Then we hiked the Bell Rock Path; I went 3.5 miles (5.6km). We’d descended to 4,300 feet (1,310m). Here it was a warm spring day; no need for Ice Trekkers. I soon shed my gloves, ear band, jacket, fleece and (discretely and awkwardly) my long underwear bottoms. This was beautiful country, not desert but arid scrubland, loosely populated by cacti, bushes and stunted trees. Much of the way was on solid sandstone, with stretches of orange soil and viscous orange mud. I saw scraps of snow on the paddle-shaped cacti. The trail started out well-defined, but soon widened and branched out until one could walk nearly anywhere. Trail signs were frequent; they were set in wire-wrapped cylinders of loose rock, perhaps because signposts couldn’t be driven into the solid rock underfoot. I explored icy dry washes and easily climbed partway up Bell Rock. Quite a few people had come to enjoy the sunny, brightly-colored expanse, including dog-walkers and joggers, tourists speaking many languages, and families with children.
After this wonderful day in the sun, we returned to snowbound Flagstaff somewhat reluctantly. At the airport, Skywest had one more trick up their sleeve. Because they hadn’t flown us to Flagstaff, they’d cancelled our seats for the return flight to Phoenix. Reasoning, perhaps, that we must still be in Phoenix and didn’t need them. Lance straightened the snafu out somehow, and we had a 27-minute flight down.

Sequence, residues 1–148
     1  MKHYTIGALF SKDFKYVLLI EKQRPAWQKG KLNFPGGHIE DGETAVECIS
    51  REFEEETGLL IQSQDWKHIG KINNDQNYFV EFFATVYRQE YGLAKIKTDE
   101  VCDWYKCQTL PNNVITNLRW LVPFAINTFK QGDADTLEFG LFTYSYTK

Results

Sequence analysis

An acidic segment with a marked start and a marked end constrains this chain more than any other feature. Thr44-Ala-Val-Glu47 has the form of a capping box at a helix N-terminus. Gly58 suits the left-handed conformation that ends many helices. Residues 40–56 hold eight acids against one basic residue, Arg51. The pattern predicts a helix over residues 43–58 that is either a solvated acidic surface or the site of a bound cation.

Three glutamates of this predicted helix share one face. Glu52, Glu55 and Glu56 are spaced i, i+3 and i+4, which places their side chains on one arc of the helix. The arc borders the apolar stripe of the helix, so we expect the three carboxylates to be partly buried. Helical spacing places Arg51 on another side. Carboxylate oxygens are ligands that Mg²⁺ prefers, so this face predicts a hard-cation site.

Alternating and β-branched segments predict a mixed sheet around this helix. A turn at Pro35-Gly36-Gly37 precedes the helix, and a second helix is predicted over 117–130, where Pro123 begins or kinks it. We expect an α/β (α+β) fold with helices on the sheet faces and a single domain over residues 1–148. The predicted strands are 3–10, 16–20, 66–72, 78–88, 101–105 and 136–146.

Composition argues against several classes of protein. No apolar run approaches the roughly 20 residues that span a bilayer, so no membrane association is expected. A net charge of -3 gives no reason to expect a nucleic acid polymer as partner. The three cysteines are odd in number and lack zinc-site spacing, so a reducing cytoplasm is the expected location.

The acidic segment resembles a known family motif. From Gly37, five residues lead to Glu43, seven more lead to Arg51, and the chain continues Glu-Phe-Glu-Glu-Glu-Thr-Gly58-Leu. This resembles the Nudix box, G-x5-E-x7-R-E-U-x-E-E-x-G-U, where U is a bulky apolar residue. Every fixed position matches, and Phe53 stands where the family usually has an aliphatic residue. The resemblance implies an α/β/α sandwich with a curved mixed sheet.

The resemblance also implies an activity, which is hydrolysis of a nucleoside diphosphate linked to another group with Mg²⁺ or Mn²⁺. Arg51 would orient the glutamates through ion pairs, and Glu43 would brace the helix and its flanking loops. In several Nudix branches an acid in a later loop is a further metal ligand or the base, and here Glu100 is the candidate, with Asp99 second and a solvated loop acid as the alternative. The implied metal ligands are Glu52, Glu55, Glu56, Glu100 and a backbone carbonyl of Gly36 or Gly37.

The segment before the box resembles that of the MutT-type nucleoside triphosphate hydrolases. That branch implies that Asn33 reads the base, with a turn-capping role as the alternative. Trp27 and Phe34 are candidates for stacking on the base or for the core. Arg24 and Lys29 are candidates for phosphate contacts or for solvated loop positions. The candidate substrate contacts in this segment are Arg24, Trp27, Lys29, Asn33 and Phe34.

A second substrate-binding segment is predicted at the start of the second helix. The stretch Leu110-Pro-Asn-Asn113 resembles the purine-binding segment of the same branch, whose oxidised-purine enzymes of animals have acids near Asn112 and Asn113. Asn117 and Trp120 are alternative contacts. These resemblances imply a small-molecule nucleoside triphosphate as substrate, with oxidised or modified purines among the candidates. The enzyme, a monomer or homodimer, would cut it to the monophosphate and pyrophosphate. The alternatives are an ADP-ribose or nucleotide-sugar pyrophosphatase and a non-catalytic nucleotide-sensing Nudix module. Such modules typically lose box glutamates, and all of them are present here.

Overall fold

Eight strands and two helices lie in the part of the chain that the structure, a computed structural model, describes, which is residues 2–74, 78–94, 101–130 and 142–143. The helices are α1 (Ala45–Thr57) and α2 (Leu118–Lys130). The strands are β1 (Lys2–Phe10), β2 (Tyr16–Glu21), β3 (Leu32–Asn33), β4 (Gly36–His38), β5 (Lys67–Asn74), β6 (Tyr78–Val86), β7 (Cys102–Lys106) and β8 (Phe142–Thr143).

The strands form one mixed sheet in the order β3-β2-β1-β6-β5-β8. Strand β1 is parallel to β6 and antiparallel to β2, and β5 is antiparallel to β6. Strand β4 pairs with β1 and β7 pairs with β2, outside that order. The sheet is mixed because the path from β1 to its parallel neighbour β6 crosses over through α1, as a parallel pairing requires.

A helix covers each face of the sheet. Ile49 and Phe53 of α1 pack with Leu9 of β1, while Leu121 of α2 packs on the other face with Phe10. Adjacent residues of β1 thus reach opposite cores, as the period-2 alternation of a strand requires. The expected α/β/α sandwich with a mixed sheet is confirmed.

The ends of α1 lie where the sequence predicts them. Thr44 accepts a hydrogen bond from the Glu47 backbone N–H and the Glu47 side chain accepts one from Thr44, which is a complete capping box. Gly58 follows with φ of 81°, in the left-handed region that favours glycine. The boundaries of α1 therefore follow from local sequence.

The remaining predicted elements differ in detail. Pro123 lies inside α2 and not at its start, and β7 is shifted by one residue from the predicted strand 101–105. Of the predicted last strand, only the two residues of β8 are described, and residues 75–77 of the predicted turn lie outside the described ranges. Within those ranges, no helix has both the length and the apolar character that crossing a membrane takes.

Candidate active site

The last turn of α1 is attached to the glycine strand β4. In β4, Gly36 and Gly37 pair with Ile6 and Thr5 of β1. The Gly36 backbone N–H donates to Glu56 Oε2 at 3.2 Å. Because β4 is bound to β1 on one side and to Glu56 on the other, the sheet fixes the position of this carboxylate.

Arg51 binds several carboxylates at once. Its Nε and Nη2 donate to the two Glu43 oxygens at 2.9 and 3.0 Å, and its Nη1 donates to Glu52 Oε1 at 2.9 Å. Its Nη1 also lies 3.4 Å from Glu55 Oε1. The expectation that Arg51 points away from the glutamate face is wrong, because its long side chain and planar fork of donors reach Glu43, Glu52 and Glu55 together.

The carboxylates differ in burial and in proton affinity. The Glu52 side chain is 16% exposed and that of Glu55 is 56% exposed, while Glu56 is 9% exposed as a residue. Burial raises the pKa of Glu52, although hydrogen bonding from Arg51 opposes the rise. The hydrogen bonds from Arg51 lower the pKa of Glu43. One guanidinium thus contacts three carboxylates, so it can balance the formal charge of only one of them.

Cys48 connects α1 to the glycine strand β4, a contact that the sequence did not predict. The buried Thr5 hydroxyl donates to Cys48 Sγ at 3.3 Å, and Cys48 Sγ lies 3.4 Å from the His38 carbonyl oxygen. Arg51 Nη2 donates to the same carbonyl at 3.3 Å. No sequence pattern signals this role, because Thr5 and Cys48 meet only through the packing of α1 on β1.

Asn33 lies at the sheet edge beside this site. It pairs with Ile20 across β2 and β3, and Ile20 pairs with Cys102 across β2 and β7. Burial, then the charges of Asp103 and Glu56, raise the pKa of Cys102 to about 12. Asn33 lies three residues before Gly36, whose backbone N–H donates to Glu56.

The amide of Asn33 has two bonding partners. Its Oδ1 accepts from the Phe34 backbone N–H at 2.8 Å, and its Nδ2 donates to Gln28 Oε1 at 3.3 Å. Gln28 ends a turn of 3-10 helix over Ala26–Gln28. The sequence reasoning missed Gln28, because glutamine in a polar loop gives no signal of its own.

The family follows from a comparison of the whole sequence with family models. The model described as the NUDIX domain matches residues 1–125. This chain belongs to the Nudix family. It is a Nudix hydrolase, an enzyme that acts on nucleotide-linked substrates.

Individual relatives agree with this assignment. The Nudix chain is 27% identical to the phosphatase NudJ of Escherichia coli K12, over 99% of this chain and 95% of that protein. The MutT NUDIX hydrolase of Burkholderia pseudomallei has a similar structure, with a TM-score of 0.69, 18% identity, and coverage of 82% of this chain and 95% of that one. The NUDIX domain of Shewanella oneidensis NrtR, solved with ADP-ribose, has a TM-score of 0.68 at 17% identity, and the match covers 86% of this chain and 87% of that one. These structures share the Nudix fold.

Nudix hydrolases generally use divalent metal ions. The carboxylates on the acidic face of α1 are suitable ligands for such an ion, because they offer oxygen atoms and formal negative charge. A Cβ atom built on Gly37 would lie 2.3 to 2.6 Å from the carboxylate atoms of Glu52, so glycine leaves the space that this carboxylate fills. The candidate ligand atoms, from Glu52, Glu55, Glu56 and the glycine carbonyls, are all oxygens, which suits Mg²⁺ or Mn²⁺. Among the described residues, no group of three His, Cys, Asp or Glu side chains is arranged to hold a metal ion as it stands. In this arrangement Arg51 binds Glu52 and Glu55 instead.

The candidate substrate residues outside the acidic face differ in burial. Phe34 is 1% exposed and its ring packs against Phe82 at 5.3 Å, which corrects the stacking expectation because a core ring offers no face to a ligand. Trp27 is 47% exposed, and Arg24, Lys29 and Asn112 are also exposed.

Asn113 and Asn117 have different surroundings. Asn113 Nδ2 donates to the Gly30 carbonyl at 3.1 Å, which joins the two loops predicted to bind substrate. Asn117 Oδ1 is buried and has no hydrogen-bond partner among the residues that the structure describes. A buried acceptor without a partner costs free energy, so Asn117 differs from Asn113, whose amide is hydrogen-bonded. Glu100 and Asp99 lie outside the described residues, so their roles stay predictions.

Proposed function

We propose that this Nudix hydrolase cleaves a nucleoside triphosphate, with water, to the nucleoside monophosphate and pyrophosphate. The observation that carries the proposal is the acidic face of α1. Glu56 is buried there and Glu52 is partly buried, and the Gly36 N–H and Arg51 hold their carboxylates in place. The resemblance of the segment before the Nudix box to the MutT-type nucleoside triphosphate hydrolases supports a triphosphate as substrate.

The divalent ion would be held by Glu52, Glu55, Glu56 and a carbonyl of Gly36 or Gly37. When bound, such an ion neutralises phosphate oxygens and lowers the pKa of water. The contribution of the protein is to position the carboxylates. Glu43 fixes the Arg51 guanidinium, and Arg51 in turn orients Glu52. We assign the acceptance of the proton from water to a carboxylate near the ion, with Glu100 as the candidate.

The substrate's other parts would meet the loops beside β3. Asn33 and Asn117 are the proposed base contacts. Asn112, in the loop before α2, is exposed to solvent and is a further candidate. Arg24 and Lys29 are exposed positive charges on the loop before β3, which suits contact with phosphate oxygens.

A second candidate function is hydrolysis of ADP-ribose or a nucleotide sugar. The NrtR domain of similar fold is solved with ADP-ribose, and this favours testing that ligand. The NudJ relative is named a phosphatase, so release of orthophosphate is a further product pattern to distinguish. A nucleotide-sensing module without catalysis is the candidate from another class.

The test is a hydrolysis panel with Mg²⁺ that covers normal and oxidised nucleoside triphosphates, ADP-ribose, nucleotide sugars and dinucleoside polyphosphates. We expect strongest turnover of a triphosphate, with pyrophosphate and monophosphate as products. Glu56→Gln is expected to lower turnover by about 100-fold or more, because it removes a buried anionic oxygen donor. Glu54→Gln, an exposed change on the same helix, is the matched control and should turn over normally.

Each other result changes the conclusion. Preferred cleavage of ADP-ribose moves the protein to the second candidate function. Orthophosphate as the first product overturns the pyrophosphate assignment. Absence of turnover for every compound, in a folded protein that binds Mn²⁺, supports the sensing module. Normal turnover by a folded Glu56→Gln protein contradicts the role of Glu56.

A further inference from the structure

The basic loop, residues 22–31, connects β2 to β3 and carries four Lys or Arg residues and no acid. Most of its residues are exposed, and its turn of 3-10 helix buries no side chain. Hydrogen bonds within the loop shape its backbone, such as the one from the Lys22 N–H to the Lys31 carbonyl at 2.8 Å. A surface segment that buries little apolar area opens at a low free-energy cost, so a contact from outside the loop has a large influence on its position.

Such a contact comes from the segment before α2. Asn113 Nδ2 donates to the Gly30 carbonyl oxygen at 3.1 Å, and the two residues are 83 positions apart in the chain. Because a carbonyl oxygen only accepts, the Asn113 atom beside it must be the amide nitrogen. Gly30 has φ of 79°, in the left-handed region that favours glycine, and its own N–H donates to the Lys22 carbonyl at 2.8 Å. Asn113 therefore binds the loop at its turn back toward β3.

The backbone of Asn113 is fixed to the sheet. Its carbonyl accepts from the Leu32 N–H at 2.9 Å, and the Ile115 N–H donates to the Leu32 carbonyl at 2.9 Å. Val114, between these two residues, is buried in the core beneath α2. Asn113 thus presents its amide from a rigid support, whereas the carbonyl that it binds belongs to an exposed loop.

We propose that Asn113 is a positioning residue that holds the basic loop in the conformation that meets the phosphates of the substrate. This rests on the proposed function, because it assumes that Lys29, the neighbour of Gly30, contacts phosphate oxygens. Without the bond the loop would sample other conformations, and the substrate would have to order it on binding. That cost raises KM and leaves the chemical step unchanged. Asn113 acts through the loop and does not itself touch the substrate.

David organized a farewell dinner at the Four Peaks Brewery pub in the Sky Harbor concourse. I had enchiladas and peach beer; best meal of the trip!
We arrived at SeaTac Airport near midnight during a protest against President Trump’s executive order limiting travel from Muslim countries. The protest seemed orderly and well-led. However, airport management seemed unprepared to deal with it.
Our American Airlines flight disembarked at the north end of the terminal. All entrances to baggage claim were blocked off. I walked the length of the airport looking for a way out. There were no announcements or signs explaining what was going on and how to get my baggage, and no staff stationed on my route to tell me.
When I reached the south end of the terminal, a large group of police and security officers at Gate A6 let me into Baggage Claim. I had to walk the length of the terminal again in Baggage Claim to get to carousel 16 at the north end. I passed amid the protestors near carousel 13. They were not intimidating, blocking or interfering with operations. If it hadn’t been so late with my wife trying to pick me up, I’d have been happy to join them. I’m impressed that so many people would come so far to protest Trump’s anti-Muslim restrictions, and and that they would still be protesting at midnight.
Pat left the car parked in the “No waiting” pickup zone outside Baggage Claim to come and look for me. She was parked next to a police car, but they didn’t bother her.